October has been National Disability Employment Awareness Month

Travis M. works as a warehouse clerk for Diversified imagination Engineered. Ieshia Q. is employed in Briarcrest Christian School’s cafeteria, while Brian J. stocks vending machines in the main U.S. post office downtown and the bulk mail center on Elvis Presley Blvd.
They are three shining examples of what many people with intellectual and developmental disabilities can accomplish, given some training and the chance by an employer. “Smart employers know that including different perspectives in problem-solving situations leads to better solutions,” Labor Secretary Alexander Acosta said recently. “Hiring employees with diverse abilities strengthens their business, increases competition, and drives innovation. “

Acosta has proclaimed October as National Employment Awareness Month, with “Inclusion Drives Innovation” being its theme. In Memphis, The Arc Mid-South tutors clients with disabilities in GED preparation, job readiness, and basic life skills to empower them to achieve self sufficiency.  Travis, Ieshia and Brian are all program graduates.




October is National Disability Employment Awareness Month


2016 Employee of The Year recipients Jakeena Boyce and Derek Mathews

Jakeena Boyce and Derek Mathews were named Employee of the Year at The Arc Mid-South's recent Awards & Benefit Gala. They work at rival delivery companies, but share a yearning to work hard and achieve their full potential.

Fortunately, companies such as FedEx and UPS are reaching out to hire individuals with intellectual and developmental disabilities. PricewaterhouseCoopers is another global player that has embraced disability inclusion.

"Why are we doing this? There is some social consciousness; it's a great thing to do. But I've got to tell you it's much more of a business imperative," Brad Hopton, a tax partner at PwC, told The Washington Post recently. "For us it's all about the talent - bringing in talent and harnessing the talent that we have to take that to our clients. We need that diversity of thought, that diversity of approach, to take to our clients to answer their questions."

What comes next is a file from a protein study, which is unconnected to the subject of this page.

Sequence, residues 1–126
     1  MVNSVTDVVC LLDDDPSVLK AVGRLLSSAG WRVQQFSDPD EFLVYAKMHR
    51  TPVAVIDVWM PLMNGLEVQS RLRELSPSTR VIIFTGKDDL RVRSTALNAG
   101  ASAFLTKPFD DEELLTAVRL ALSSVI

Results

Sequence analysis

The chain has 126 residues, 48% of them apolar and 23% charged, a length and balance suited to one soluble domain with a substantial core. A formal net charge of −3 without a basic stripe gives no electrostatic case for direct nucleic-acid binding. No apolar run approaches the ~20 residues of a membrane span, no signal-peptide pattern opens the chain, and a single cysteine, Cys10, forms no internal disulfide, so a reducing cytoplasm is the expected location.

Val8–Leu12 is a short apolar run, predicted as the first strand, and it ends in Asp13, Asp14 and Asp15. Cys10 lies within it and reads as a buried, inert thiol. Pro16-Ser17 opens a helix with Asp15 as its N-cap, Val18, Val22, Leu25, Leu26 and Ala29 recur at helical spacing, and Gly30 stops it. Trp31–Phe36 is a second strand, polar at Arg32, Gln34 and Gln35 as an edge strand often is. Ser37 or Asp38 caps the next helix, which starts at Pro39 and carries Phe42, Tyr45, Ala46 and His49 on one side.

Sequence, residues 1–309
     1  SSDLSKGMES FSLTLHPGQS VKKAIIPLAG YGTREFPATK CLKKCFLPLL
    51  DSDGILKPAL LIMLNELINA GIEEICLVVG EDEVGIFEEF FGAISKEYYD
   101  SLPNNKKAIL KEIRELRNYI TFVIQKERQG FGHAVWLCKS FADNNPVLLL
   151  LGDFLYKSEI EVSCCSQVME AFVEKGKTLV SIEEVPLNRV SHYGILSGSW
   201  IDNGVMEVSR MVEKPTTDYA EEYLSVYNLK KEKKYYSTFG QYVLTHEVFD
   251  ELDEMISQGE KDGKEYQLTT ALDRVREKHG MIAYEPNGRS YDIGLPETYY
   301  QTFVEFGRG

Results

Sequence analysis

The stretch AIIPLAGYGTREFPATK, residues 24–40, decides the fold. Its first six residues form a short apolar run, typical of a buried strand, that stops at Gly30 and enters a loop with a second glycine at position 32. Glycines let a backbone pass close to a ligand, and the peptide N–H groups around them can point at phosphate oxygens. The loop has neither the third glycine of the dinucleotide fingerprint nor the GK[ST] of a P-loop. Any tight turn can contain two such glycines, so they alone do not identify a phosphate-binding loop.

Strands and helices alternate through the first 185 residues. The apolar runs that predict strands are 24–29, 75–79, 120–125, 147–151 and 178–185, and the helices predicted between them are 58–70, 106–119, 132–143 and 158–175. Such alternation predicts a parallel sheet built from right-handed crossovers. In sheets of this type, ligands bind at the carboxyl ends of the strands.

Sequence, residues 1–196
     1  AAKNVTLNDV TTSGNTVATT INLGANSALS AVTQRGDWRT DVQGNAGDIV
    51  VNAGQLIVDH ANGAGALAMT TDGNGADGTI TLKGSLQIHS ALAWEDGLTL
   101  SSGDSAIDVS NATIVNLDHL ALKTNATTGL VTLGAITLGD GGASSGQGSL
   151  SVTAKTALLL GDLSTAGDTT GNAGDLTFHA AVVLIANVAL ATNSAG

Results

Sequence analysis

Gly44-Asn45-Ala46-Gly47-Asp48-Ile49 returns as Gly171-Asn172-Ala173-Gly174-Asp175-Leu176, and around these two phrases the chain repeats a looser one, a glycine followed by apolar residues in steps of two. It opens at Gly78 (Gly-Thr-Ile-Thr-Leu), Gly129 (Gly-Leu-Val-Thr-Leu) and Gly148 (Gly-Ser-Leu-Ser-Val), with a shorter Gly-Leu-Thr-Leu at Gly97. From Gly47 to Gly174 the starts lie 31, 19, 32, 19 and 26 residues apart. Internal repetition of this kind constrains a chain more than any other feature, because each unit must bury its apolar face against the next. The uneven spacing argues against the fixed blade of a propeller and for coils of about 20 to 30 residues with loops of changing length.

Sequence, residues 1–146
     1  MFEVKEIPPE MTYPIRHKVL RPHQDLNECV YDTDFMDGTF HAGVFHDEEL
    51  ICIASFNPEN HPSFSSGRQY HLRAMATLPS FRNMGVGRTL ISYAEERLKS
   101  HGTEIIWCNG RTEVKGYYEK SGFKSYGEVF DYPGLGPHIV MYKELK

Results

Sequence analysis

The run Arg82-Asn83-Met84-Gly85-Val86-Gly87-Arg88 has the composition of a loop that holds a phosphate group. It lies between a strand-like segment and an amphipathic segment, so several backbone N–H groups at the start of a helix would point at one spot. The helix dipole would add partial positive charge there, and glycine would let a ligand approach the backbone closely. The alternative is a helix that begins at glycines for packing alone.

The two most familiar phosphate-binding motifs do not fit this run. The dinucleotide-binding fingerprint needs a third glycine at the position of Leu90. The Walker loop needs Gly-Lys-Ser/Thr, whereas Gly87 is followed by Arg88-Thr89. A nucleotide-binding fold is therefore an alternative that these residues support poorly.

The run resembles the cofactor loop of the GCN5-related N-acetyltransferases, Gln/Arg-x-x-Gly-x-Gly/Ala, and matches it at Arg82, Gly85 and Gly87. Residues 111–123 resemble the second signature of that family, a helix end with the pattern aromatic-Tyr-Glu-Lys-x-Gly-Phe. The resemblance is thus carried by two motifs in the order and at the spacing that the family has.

The article noted, though, that unemployment remains high among adults with autism. "Until we as a society... see that a nation that has a 70 percent unemployment rate for people with autism and people with disabilities is a problem, it ain't going to work," Scott Badesch, president of the Autism Society, told the Post. "We have to make a critical commitment that this is wrong." 
The Arc is doing its best to alleviate the problem by connecting employers to talented individuals with I/DD who want to work. Its Arc@work program assists with all aspects of the employment process - from recruiting and interviewing to on-boarding and retention support.

October was proclaimed National Disability Employment Awareness Month in Memphis. Mayor Jim Strickland's announcement noted that Americans with disabilities are entitled to the same rights and freedoms as any other citizen, and that they bring lasting contributions and diverse skills to the workforce.

For more information about The Arc Mid-South's CDJP program or to find out how to enroll your loved one, contact us at (901) 327-2473.




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